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    I blew up the engine in my 90 integra back in may. I have like 90% of the engine, but I need to save up money and time for that last 10%. Round trip commute is 30 miles through phoenix during the night to work, and early morning going home.

    The light rail is 60 a month if I take that, which I do when its hot, and zero during the cool season since I can EASILY outrun the train time wise. Im saving about $50+ a week in gas. My girlfirneds mad I bought a 260 dollar bike instead of a cheap one to replace my crap commuter but she doesnt realize its already paid for itself! !

  48. #48
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    I wanted to move closer to work but couldn't justify the increased cost of an apartment in town without a decrease somewhere else. I live in a nice college town and apartments here are more expensive than neighboring towns. The cheaper places in neighboring towns are offset by the need to drive to work and the increased spending in gas and time in car (30min). By commuting by bike I can afford to live in a nicer place, closer to work. I feel more connected because I will cruise around on the bike and explore rather than drive straight home from work and staying there.
    Last edited by Dantheramblingman; 10-16-2013 at 01:32 AM. Reason: grammer

  49. #49
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    I switched jobs at work/got promoted. I had to start working earlier. They made my start time still late enough that I can take the bus if needed. But I figured I would buy a bike and start biking to work. 10 miles one way (I was busing home at the start), and for the first few months my knees hurt, my legs were on fire at times, and my but was sore. Now I like it. I have lost weight, damn near a pant size, which is just an added bonus to me. At first I kinda dreaded it. Now I love it. I haven't bused home since September 21. (Other then Concerts that I go to,) I haven't been on the bus. And I don't plan on busing in this winter.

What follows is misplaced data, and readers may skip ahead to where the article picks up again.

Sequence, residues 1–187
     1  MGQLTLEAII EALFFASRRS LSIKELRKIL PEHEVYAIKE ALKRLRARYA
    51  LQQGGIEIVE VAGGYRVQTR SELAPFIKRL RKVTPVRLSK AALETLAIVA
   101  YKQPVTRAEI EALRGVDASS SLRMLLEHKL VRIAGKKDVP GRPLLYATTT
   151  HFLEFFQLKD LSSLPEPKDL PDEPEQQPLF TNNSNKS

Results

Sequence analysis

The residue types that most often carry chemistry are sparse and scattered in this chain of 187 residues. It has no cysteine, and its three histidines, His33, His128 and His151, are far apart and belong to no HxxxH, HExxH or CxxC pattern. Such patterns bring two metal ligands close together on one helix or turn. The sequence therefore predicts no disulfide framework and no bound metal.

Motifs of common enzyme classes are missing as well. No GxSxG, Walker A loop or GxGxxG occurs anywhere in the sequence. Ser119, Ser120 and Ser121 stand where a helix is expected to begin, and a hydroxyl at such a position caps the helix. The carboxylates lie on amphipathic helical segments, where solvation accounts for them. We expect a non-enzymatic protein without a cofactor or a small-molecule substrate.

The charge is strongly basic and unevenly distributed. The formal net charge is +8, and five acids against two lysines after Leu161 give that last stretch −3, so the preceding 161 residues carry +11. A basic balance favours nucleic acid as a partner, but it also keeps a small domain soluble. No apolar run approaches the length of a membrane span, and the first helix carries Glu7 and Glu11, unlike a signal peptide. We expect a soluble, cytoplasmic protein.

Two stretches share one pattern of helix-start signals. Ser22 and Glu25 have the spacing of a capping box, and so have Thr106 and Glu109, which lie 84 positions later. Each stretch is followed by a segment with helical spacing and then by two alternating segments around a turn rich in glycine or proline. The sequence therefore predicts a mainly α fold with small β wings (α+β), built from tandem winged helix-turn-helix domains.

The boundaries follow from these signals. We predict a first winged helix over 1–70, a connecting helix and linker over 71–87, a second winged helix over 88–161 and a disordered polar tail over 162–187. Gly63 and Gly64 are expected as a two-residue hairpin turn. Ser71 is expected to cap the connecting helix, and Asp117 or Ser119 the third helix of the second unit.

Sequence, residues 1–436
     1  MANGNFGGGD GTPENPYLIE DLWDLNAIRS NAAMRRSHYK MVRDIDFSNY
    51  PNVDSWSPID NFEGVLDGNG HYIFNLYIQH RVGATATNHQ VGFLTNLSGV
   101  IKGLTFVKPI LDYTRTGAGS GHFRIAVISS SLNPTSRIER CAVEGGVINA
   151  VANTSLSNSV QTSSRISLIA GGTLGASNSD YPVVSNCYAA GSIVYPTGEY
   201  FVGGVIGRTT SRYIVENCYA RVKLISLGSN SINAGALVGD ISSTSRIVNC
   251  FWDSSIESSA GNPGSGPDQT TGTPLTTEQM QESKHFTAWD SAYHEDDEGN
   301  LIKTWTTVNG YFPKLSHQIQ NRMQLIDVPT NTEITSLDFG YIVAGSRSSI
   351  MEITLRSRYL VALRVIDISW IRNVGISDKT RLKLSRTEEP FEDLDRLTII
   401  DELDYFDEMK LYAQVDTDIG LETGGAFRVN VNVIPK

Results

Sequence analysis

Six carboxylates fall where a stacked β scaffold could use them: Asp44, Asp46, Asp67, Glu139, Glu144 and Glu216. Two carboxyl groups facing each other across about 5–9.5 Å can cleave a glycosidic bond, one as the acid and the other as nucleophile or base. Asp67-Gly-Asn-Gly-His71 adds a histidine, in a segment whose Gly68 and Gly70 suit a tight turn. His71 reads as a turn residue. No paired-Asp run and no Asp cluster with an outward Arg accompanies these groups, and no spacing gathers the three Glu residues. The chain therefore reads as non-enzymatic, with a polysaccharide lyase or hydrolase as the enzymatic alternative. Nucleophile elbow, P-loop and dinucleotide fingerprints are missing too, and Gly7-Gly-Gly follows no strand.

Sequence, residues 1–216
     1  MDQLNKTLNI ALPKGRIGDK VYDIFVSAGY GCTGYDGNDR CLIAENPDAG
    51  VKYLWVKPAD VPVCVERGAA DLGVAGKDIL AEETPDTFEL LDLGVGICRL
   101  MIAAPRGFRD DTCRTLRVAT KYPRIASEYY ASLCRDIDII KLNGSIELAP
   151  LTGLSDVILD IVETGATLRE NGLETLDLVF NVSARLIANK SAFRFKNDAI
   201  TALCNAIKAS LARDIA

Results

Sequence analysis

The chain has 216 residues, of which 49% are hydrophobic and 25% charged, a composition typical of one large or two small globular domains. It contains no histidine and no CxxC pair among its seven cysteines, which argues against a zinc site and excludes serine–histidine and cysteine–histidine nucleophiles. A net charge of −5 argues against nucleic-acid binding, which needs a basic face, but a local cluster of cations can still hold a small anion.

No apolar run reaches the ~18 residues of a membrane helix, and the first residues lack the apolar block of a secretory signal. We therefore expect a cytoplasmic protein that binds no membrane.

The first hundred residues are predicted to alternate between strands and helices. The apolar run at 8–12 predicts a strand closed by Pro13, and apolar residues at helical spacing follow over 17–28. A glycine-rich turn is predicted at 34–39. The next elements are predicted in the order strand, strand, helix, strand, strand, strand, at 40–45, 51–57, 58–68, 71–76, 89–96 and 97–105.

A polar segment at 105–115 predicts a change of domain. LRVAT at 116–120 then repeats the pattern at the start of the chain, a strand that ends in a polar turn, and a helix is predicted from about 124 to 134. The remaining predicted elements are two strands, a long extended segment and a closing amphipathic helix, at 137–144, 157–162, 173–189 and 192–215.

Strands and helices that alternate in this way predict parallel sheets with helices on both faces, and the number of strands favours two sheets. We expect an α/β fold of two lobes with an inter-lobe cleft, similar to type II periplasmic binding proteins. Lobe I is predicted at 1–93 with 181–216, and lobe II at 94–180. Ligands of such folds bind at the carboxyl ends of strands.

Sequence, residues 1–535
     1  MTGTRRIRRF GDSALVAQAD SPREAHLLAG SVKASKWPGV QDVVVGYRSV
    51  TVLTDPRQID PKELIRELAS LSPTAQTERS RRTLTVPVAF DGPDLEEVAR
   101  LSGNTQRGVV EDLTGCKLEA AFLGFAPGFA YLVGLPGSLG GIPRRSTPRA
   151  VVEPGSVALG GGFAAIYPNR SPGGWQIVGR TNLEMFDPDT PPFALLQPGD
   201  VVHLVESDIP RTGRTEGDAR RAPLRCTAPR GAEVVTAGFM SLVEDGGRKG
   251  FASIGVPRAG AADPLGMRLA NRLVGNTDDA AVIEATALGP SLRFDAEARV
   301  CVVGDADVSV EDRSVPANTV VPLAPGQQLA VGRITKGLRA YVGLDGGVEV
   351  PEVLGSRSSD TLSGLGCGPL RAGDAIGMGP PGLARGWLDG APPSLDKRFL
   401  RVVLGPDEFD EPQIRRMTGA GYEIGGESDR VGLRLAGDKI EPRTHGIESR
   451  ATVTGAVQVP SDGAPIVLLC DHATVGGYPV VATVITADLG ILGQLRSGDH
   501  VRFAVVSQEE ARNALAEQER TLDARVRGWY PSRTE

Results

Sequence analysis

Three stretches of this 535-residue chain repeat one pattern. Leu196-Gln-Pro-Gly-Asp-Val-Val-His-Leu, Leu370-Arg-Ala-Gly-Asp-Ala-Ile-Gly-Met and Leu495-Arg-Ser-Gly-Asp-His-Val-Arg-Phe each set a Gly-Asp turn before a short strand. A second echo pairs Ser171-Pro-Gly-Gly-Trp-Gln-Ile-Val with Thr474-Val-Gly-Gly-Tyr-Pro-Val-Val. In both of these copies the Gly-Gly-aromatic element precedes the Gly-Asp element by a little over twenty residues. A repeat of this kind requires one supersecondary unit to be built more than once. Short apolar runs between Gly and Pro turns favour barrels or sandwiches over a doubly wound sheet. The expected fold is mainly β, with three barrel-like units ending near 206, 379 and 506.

I bought a Trek Crossrip (I had a Wal mart bike before, still do in fact.) And really when I'm on the bike I'm truly happy. I don't think about anything, just the ride. I don't pay any mind to anything else. Just the ride. And even in the rain, I enjoy the ride. It's my quite time, it's like my solitude, and it calms me down from work, and wakes me up on my way in (all the coffee helps to I'm sure.)

  50. #50
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    [QUOTE=My girlfirneds mad I bought a 260 dollar bike instead of a cheap one to replace my crap commuter but she doesnt realize its already paid for itself! ![/QUOTE]

    My wife used to get mad about bike costs too.I sat her down one day and explained that we spend in excess of $8000/year on cars alone so, I was henceforth going to spend about a grand/per year on bikes. Kind of hard to argue with as I am the one making the money that I'm spending. Additionally, the significant health benefits are great for an old fart like me! I still have to remind her occasionally...I've been bike commuting 2500+miles/year since 1999.